Dogs adopted during the pandemic would be particularly poorly behaved

Dogs adopted during the pandemic would be particularly poorly behaved

Millions of people around the world have adopted a pet during the health crisis, in order to break away from loneliness and obtain comfort. Many have set their sights on puppies, known to be very playful. But these little four-legged companions tend to exhibit behavioral problems since the end of the pandemic.

Researchers from the Royal Veterinary College in London made the discovery after following a cohort of puppies in the United Kingdom. The latter were less than sixteen weeks old when they were purchased from British breeders in 2020. Academics analyzed their behavior until they reached 21 months, a pivotal age at which owners often make the decision to separate them from their dog – or worse, euthanize them – if they have bad habits.

It turns out that almost all of the dog owners surveyed for the purposes of this study say that their furball presents at least one behavioral disorder. In the majority of cases, they complain that their pet pulls on its leash to lead its owner where it wants, that it jumps on people who cross its path, and that it does not come at a walk when we ‘calls.

A dog’s behavior is closely linked to the way his owner behaves towards him and the place he gives him in his daily life. This is why training is key to instilling good habits and ensuring their well-being. However, researchers from the Royal Veterinary College of London have found that dog owners do not always know how to train their pooch well.

The importance of training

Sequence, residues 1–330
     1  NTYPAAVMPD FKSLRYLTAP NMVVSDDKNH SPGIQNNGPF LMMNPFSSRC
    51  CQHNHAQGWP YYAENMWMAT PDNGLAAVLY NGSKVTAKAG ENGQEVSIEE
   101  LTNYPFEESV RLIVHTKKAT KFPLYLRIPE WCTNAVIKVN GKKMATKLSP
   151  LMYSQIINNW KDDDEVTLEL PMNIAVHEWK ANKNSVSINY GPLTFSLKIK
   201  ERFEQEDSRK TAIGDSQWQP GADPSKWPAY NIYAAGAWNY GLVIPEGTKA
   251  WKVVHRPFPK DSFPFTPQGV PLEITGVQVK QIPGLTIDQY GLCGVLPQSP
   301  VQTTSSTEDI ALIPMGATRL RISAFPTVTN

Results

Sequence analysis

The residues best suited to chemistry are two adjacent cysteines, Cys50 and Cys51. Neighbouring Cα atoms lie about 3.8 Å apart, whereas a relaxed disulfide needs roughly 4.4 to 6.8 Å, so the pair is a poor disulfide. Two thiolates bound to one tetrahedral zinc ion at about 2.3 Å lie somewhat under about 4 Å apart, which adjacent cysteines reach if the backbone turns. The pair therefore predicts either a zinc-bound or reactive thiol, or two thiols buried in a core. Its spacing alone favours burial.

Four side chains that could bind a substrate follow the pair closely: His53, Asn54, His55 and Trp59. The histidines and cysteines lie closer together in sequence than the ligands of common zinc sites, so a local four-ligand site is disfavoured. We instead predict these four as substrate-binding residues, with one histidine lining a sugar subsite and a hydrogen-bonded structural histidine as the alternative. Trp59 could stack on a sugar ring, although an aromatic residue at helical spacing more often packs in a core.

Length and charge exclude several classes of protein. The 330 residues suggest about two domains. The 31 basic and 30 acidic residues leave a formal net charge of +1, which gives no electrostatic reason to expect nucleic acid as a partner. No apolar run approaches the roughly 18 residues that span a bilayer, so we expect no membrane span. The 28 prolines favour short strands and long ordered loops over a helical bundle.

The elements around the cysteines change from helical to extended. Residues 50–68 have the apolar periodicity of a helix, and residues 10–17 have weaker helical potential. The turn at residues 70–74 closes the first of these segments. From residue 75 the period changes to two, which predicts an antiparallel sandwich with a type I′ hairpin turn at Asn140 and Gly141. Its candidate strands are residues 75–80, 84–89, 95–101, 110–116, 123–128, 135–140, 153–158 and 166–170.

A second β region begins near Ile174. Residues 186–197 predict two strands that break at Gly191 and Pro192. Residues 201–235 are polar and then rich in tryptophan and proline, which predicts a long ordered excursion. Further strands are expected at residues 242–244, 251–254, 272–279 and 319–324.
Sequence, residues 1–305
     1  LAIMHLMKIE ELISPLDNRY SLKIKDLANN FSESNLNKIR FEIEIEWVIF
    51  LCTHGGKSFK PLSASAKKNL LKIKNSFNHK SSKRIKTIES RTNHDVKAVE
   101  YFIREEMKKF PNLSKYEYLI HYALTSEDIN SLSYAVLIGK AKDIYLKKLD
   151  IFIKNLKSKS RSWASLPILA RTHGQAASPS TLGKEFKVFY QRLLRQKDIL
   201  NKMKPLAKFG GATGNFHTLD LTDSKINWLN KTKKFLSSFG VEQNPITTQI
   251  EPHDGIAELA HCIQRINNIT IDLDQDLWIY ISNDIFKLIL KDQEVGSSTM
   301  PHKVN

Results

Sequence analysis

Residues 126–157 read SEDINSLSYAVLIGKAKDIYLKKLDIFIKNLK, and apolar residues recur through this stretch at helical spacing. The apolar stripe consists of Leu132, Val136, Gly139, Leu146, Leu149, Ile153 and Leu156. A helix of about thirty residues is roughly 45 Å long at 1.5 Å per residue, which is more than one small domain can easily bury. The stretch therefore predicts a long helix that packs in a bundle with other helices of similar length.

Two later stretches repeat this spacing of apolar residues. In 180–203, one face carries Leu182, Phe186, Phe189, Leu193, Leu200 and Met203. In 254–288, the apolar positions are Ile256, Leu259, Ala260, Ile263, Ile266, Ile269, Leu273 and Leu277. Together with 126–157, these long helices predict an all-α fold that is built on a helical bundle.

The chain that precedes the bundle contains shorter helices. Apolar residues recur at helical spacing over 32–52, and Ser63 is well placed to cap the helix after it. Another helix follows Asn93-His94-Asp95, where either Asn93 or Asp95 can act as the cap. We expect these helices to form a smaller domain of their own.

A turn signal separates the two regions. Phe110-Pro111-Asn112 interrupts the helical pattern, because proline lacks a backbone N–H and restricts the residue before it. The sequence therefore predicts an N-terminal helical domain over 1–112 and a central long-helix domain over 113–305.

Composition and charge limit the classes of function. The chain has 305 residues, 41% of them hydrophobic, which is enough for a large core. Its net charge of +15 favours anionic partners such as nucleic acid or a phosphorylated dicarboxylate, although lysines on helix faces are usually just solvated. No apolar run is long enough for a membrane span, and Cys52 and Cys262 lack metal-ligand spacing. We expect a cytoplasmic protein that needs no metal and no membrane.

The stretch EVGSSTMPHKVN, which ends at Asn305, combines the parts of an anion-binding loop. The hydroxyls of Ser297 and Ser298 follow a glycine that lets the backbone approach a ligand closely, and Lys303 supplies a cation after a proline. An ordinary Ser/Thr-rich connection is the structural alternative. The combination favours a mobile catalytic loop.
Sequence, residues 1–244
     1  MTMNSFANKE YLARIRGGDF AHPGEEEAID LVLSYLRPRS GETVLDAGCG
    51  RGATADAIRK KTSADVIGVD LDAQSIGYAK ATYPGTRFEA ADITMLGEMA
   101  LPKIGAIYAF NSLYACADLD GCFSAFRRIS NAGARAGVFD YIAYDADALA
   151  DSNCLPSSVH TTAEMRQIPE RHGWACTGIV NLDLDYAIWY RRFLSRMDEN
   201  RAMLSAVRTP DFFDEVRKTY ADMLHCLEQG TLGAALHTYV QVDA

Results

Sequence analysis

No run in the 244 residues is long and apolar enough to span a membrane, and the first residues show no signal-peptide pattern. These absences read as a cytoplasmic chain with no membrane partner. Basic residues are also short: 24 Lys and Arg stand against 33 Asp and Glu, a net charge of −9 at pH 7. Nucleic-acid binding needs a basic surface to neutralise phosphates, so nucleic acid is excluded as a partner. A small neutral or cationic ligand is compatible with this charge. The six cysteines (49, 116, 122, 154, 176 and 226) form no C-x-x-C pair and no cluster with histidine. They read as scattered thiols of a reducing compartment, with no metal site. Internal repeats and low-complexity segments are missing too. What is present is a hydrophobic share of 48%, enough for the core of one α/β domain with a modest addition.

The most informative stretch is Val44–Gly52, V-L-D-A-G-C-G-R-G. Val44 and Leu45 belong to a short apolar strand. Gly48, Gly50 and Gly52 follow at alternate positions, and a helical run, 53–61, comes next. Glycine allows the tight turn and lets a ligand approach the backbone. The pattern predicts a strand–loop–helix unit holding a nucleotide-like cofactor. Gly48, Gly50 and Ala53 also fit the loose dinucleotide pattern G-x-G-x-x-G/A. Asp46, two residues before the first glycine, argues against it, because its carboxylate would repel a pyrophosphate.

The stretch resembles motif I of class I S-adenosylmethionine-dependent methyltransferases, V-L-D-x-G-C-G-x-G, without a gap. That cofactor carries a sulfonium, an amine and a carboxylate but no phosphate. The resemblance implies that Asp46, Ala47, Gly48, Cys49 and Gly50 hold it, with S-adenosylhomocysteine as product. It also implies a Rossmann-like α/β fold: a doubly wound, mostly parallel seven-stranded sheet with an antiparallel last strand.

The overwhelming majority of those surveyed said they had already used aversive training methods. Among them are the use of physical force to obtain obedience (44%), shouting and reprimands (41%) or the use of accessories that are restrictive for the animal. While these strategies can encourage the dog to listen to his owner, they are often not recommended because they do not motivate him to change his behavior in the long term.

Interestingly, dog owners were less likely to have used aversive techniques if they had taken online training classes with their little companion during the pandemic. Furthermore, a third of respondents did not expect to have so much difficulty raising their dog. This is certainly due to the fact that periods of confinement and health restrictions have prevented them from seeking help from a dog trainer or behaviorist.

For Dr Rowena Packer, co-author of the study, it is important that less experienced dog owners consult a professional if they notice that their dog has behavioral problems. “Problem behaviors are extremely common among pandemic puppies and, in many cases, are potentially exacerbated by owners who use punishment-based training techniques (…). One of the key takeaways from our study is that attending puppy training classes is essential for owners to learn the best training techniques available” she said in a statement.